A 5 point scale provides a simple and effective mechanism for quantifying ratings. In our 31 years of collecting and analyzing consumer opinions, we've seen a wide variety of rating scales and have been able to form a pretty solid data-based position on the subject.
Here are the key reasons for this position:
- An odd numbered scale provides a mid-point for a neutral rating
- 2 points on either side of that neutral point provides the opportunity to differentiate between a strong positive (or negative) and somewhat positive (or negative) rating
For example, take a look at typical attribute ratings for a guest room below; we use a satisfaction scale
By only offering 2 points on either side of the neutral point, we provide a fair measure of standardization of responses. Some folks in our business like to use a larger point scale; 11 points is common (0 - 10). The main problem we see with this is that it's difficult to accurately discern differences between all the gradations on either side of the midpoint; what I may consider an "8", you may consider a "7". Tracking these metrics becomes problematic because the meaning of, for example, an average score of 7.3 is muddled.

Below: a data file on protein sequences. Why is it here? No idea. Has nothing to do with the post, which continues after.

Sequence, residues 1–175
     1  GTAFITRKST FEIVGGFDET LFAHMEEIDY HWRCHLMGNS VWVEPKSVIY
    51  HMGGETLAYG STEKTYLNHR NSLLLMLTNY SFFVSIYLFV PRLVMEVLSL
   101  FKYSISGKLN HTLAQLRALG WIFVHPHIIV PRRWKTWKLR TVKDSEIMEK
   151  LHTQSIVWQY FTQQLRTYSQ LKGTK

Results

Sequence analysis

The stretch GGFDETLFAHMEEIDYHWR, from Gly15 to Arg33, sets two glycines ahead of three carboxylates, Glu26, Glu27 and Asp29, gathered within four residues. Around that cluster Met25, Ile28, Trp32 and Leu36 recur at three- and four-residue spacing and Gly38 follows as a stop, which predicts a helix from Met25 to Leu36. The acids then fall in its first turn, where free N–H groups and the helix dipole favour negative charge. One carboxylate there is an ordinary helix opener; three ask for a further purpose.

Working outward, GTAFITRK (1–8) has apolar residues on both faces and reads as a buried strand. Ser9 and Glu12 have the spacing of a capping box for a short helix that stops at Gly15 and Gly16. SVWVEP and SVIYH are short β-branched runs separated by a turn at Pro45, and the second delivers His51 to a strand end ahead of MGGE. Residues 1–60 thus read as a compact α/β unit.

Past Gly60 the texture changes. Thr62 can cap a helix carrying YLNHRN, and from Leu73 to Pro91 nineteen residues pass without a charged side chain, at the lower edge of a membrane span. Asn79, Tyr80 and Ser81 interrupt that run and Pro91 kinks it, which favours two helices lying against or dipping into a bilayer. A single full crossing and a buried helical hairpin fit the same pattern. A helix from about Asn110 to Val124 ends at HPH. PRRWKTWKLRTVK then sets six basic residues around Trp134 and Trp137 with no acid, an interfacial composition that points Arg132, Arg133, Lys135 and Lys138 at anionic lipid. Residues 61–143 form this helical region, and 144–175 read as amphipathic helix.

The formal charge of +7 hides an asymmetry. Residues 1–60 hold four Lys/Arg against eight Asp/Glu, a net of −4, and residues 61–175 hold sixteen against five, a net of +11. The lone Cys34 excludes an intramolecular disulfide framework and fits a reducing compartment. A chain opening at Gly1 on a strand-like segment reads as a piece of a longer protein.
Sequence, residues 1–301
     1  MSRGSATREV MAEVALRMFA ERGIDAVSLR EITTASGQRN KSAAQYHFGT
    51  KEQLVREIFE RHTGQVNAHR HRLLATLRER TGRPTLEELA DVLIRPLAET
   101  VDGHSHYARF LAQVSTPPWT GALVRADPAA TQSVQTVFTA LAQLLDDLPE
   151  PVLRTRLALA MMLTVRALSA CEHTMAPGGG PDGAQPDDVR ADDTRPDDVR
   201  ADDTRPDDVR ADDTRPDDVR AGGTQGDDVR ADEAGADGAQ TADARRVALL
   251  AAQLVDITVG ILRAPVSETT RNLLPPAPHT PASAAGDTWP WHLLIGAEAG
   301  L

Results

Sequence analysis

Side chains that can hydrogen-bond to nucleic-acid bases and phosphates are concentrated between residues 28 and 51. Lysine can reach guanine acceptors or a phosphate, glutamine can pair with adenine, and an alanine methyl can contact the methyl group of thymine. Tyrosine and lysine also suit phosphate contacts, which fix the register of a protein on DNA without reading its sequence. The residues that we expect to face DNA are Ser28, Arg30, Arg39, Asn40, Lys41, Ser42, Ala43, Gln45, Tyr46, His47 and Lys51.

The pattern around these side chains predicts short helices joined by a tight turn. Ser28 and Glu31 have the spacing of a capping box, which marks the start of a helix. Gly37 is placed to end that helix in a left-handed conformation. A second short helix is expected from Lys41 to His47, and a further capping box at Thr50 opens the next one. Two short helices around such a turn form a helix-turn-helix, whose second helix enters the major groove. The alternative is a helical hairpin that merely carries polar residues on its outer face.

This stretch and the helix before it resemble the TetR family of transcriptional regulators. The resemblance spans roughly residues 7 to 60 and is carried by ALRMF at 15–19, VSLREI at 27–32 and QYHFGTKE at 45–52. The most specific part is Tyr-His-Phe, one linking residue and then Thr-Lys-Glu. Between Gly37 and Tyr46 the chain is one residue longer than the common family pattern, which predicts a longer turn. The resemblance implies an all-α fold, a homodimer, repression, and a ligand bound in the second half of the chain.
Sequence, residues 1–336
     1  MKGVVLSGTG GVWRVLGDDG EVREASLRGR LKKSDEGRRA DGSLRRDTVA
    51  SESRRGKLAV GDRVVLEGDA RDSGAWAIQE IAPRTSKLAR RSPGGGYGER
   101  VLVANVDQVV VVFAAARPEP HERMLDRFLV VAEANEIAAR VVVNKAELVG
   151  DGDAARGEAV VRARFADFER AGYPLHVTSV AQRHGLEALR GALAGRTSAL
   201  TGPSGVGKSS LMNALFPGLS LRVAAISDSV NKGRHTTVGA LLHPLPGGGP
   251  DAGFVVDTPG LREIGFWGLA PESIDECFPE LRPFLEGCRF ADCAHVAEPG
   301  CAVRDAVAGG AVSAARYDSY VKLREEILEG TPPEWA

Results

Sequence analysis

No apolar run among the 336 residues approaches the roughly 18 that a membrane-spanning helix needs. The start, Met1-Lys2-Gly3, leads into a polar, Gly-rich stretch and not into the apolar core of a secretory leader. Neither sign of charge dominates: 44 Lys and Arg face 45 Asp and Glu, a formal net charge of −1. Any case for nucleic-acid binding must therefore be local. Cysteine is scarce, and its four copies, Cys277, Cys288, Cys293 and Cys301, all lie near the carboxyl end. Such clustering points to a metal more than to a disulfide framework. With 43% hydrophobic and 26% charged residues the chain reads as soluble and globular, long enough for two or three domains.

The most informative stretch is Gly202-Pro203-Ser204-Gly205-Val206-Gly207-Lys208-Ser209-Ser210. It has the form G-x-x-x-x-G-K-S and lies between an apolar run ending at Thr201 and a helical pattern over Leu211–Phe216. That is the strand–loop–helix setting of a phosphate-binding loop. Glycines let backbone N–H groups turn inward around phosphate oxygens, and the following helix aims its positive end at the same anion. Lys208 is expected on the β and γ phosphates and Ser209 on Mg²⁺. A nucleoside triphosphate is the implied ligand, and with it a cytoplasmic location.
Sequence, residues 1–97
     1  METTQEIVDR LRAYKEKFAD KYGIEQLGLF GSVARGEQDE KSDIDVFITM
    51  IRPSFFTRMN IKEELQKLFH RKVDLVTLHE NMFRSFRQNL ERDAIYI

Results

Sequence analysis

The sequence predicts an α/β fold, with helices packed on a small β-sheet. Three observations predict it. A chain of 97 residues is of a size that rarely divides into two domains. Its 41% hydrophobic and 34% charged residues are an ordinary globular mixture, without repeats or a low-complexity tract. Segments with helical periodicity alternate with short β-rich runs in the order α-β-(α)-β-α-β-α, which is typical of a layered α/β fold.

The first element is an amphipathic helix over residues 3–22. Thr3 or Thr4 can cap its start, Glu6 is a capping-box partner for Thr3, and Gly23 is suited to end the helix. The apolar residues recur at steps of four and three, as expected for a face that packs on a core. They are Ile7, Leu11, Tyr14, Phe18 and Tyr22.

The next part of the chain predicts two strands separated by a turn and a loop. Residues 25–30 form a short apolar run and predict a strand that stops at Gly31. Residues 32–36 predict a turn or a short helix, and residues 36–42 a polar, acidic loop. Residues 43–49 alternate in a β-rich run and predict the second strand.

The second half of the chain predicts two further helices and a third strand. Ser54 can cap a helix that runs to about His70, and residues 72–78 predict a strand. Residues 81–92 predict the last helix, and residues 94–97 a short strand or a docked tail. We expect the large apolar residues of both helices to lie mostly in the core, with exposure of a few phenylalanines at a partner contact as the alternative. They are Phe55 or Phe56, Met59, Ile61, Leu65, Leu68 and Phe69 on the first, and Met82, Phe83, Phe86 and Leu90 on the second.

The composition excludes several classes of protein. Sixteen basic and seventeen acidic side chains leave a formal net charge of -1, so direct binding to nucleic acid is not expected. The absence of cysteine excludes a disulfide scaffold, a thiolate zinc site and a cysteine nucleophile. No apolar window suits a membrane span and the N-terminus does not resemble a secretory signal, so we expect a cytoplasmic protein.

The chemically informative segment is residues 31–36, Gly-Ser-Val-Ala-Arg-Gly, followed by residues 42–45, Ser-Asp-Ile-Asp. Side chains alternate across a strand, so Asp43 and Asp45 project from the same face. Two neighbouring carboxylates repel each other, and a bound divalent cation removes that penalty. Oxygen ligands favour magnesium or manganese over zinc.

Consider the difficulty in tracking an 11 point rating metric when you read the following real example of guest feedback- [we actually have some clients who we've designed custom feedback solutions for to their specifications, employing a 0-10 rating scale ]. This is a guest's verbatim explanation of their rating of an attribute; "No one is perfect but my 8 and 9 are good for me."
The blog of Database Sciences and its CX platform, GuestInsight